I wrote a post on this blog a while ago (here) about some embarrassing and even disqualifying mistakes writers had made in submissions to me. One reader commented on that post, expressing gratitude and then adding, “What would be helpful to me is to hear the subtle or inadvertent mistakes aspiring authors make when sending a proposal to you. Can you help us with that?”
Why, yes, Louise, since you asked so nicely, I think I can do that. Or at least give it a try.
Keep in mind as I mention some of the most common mistakes I see that “subtle or inadvertent mistakes” are seldom—if ever—disqualifying. They don’t help a writer’s pitch, by any means, but they may not trigger the red buzzer (if you’re an “America’s Got Talent” fan), unless they begin to proliferate. I’ll mention several that are, unfortunately, all too common.
I’m not sure how subtle this first “mistake” is because it never fails to leap out at me: inflated claims for the work at hand. I understand that a writer who has slaved over a manuscript for months or years probably couldn’t have seen it through to completion without believing in its value. But calling it one-of-a-kind, the best ever, a sure bestseller, or a guaranteed classic is counterproductive. (And lest you think, No one does that, let me just say, “You’d be surprised.”) And don’t call your writing “literary” unless you’re 100% sure that not only do you know what that means but that your writing fits the description. The other extreme, however, is also a mistake. Don’t tell me “I’m not one for writing,” “I’ve never published anything,” or (as one aspiring writer did recently) “No one has liked the first chapter until the reader begins reading the second and third chapters after which the reader realizes the first chapter is essential.” That may not be exactly subtle or inadvertent, but keep reading; this blog post gets a lot better in about 1,000 words.
Poor proofreading (or a lack of proofreading) is a frequent mistake I see in submissions to me. Sometimes I see signs that the document was spell-checked or proofread but not in the submission draft. Occasionally, I’ll see signs of a capable writer who wrote and submitted too quickly, deciding that proofreading is for lesser talents, perhaps, and that it’s not fair for the recipient to have to wait another day or two to see the product of a gifted writer’s efforts. As a result, however, misspellings or missing words or double words are left in a document that, if proofread, would be delivered from such errors. (And I vow to you that even such “subtle or inadvertent mistakes” leap out at an experienced editor or agent and make us wonder if the writer is careful enough in those and other areas.)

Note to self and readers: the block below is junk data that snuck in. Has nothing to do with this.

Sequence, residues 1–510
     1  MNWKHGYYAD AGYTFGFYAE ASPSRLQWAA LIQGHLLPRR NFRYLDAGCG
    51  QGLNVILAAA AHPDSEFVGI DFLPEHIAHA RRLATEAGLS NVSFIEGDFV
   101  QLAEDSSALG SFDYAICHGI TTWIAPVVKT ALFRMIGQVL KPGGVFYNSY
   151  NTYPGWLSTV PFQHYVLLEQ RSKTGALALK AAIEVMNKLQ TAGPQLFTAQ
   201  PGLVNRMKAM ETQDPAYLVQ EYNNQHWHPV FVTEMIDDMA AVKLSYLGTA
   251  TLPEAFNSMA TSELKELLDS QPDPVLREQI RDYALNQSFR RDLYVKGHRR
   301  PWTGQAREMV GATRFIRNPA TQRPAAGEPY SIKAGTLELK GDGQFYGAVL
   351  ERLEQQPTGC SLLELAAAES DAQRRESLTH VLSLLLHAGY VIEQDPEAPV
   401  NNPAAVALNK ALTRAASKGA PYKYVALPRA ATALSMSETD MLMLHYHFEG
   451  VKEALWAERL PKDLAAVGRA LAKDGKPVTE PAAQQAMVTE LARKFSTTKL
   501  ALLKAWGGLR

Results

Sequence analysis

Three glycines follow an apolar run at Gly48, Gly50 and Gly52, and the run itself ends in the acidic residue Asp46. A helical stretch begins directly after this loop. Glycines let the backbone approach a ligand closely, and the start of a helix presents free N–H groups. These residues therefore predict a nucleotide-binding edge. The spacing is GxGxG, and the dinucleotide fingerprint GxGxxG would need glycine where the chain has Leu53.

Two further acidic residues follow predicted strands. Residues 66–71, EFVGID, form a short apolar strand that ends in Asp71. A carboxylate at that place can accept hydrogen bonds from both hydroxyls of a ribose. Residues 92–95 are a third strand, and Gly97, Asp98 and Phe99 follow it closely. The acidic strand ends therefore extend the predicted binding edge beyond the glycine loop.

Another frequent problem I see is an inattention to book comparisons, or “comps,” in book proposals. This section of a book proposal is where the writer shows a little of his or her knowledge of the genre and presents a good case for why this book is different from others but likely to sell as well or better. This section is so important (as they all are) that an editor’s interest in and desire to contract a book sometimes succeeds or fails based on this information.
Another common but sometimes fixable mistake is not putting your best foot forward in the author section and/or marketing section. Or, as often happens, confusing the two. The author section answers the question, “Why is this person the perfect person to write this book?” The marketing (or platform) section answers the question, “What kind of reach and influence does this writer have?” (Not “once had,” or “will have,” or “hopes to have” but has.) Some writers are so intimidated by one or both of these sections that they neglect to apply their top-notch writing skills to these paragraphs, which is always a mistake.
Finally, I think a subtle but very common mistake is conceptual: answering questions no one is asking. It’s so important, when conceptualizing a book idea, to start, proceed, and finish from the already-felt-need of the target reader. The vast majority of the proposals I decline (often from capable writers) fail because they make me wonder, “Who cares?” The writer was obviously interested enough to pound out 60,000 words on “a biblical exploration of footwear,” but it’s not enough for the writer to be intrigued; the potential reader and book buyer must be immediately and thoroughly compelled by the personal value of the topic and how it’s presented.
So there you have it. As I said, none of these mistakes may immediately trigger my “no, thank you.” And some are sometimes fixable. But I hope that sharing these helps many who are otherwise producing publishable material.
Hello, my query is for new, aspiring authors who have never published, don’t have 25,000 followers on Twitter, don’t have a blog, are not on a speaking tour, are not tech suavely but just simple writers who have a good book and submit an error free submission letter. Maybe their book is not as great as a Grapes of Wrath type of book. I see many “average” books, especially fiction ones, that are published and in book stores and online. How do they do they secure an agent? How do they get published? Thank you for any suggestions and insights regarding this conundrum. Thank you